People often ask, how should I approach selecting and using authorities? I like to think of authorities as a car. The car doesn’t technically take you from A to B, you drive the car but if you walked, you could more easily get lost (acknowledging the fatal flaw of this comparison = driverless cars). Authorities should not be taking you from the beginning of your submission to your conclusion, your legal arguments should. Authorities should also be good milestones to ensure you are keeping to your legal arguments. If you didn’t have authorities you could perhaps get lost in a mire of unsubstantiated legal debate. What I mean by this is that cases and legislation should supplement rather than dictate your arguments.
Effective preparation and use of the authority ‘bundle’ which you will have provided the judge with beforehand will no doubt improve your performance but there should be a clear and structured thread of you and your accompanying counsel’s arguments throughout. When researching authorities, those that are authoritative both in the court delivering the judgment and in their ratio are obvious guides. Look for those that set out a legal test clearly or perhaps illustrate an uncommon nuance of law or show a factually similar incidence in which the remedy that is sought was awarded. Importantly, in the moot, remember to cite the full citation.
Also, try to ensure you have allowed the judge an adequate amount of time to find the authority in your bundle, to check the citation, to find the page and even the paragraph to which you refer. In the heat of the moment, even the best moot participants can forget the panicked judge scrambling through the pages of a very weighty book or pile of pages to find the sentence to which you are referring. The central message here and more widely is take your time and build a rapport with the judge through your communication, being attentive, eye-contact and answering their questions.
Senior counsels can also address arguments made by one/both of the opposing counsels. It is important to use court language here and throughout in referring to counsels as “my learned colleague/friends…”. Rebuttals are an extremely useful tool to substantiate your own argument but do not allow this to impact your arguments so try to keep them concise and focused.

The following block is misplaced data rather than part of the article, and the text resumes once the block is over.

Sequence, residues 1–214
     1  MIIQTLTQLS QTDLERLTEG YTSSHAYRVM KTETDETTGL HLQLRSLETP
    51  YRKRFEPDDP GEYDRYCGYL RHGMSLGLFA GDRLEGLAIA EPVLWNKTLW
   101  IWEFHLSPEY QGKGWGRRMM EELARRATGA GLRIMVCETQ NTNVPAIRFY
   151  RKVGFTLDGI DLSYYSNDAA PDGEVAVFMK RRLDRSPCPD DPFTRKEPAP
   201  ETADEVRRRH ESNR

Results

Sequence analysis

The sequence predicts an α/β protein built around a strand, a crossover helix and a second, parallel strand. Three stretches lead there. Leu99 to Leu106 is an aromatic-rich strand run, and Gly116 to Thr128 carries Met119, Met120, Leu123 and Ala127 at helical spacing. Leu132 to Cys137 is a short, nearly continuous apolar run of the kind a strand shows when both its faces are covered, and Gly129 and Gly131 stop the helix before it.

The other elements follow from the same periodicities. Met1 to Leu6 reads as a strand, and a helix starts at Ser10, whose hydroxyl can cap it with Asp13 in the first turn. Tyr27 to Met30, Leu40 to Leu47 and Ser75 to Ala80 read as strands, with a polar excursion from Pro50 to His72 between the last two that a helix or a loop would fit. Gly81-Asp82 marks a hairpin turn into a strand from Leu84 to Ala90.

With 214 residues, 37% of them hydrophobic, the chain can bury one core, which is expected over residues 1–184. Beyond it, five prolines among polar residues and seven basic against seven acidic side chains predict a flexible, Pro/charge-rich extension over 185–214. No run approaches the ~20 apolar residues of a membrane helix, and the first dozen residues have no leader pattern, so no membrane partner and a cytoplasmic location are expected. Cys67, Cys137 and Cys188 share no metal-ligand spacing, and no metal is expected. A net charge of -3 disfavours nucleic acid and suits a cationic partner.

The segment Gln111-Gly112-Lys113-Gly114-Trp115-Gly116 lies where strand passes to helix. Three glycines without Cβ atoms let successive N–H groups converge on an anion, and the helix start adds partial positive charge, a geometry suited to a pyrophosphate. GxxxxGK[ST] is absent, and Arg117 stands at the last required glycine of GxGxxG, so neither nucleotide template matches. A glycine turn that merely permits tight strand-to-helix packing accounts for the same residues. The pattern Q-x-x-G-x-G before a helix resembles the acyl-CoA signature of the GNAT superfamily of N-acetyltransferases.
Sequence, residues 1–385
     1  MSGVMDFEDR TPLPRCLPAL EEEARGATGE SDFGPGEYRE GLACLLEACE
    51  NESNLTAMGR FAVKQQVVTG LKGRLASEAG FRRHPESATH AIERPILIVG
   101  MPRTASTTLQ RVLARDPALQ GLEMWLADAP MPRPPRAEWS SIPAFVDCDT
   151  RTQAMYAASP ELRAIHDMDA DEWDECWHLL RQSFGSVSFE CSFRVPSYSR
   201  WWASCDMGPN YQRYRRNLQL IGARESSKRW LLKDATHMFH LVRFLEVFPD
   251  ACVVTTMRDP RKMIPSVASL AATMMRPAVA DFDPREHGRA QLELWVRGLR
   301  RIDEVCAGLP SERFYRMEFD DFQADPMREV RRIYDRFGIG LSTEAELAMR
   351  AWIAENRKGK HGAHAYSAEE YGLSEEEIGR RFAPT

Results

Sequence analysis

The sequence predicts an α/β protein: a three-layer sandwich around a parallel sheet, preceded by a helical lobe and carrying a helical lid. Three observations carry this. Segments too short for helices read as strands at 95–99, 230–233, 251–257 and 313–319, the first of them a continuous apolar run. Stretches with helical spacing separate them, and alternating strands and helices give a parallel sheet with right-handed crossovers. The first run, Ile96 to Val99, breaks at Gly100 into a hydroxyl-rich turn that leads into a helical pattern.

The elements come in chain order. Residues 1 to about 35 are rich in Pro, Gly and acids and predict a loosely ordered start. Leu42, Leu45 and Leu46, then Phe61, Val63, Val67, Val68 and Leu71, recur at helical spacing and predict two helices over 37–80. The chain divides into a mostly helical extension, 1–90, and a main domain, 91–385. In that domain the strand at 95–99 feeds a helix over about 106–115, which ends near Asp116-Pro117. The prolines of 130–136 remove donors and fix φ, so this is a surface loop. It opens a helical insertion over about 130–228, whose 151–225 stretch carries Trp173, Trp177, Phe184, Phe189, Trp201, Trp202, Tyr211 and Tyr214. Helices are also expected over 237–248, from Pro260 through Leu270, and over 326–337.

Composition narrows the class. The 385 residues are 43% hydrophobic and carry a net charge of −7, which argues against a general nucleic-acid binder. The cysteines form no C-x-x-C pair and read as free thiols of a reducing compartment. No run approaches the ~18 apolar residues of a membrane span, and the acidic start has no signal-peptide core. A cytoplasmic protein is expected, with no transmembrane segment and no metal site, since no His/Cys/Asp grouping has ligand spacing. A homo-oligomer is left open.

An area I would also like to highlight is presentation skills. Mooting is like a deliberate walk not a run. The pace of a good submission isn’t too slow where concentration of those around you wanders nor do you want to rush. The tone of a submission shouldn’t be over-zealous however, it is important to vary your tone to maintain the judge’s attention and use this to emphasise the nuances of your legal arguments. For hand gestures, be cautious of overusing hand gestures in an unnecessary manner, however, they can be extremely useful to enhance and emphasise a key aspect of your argument. However, I would encourage you to develop your own advocacy style and here, there is no right answer. Just like the question of having a speech/notes in front of you – this is entirely your choice for what is comfortable for you.
A further piece of advice would be – do not be deterred if you find yourself acting for one side when you feel the other has a stronger legal position. Most moot problems are fairly balanced and not there to deliberately catch you out. There may seem to be a naturally more logical conclusion for the appellant and their remedy. The quality of your arguments, correlation with your moot partner’s submissions, use of authority and advocacy are factors which will determine your mooting success
Keep an eye on the activities and opportunities myself and the Committee organise for practical experience of the above. I deliberately haven’t gone into all aspects of mooting as I don’t want to overwhelm, however, hopefully this short blog allows an insight into the somewhat daunting world of mooting and, in reference to Melissa McCarthy’s quote above, it is you who is the solution to a successful moot.
Best of Luck!
James Frazier McBride (President of University of Glasgow Mooting 2019-2020)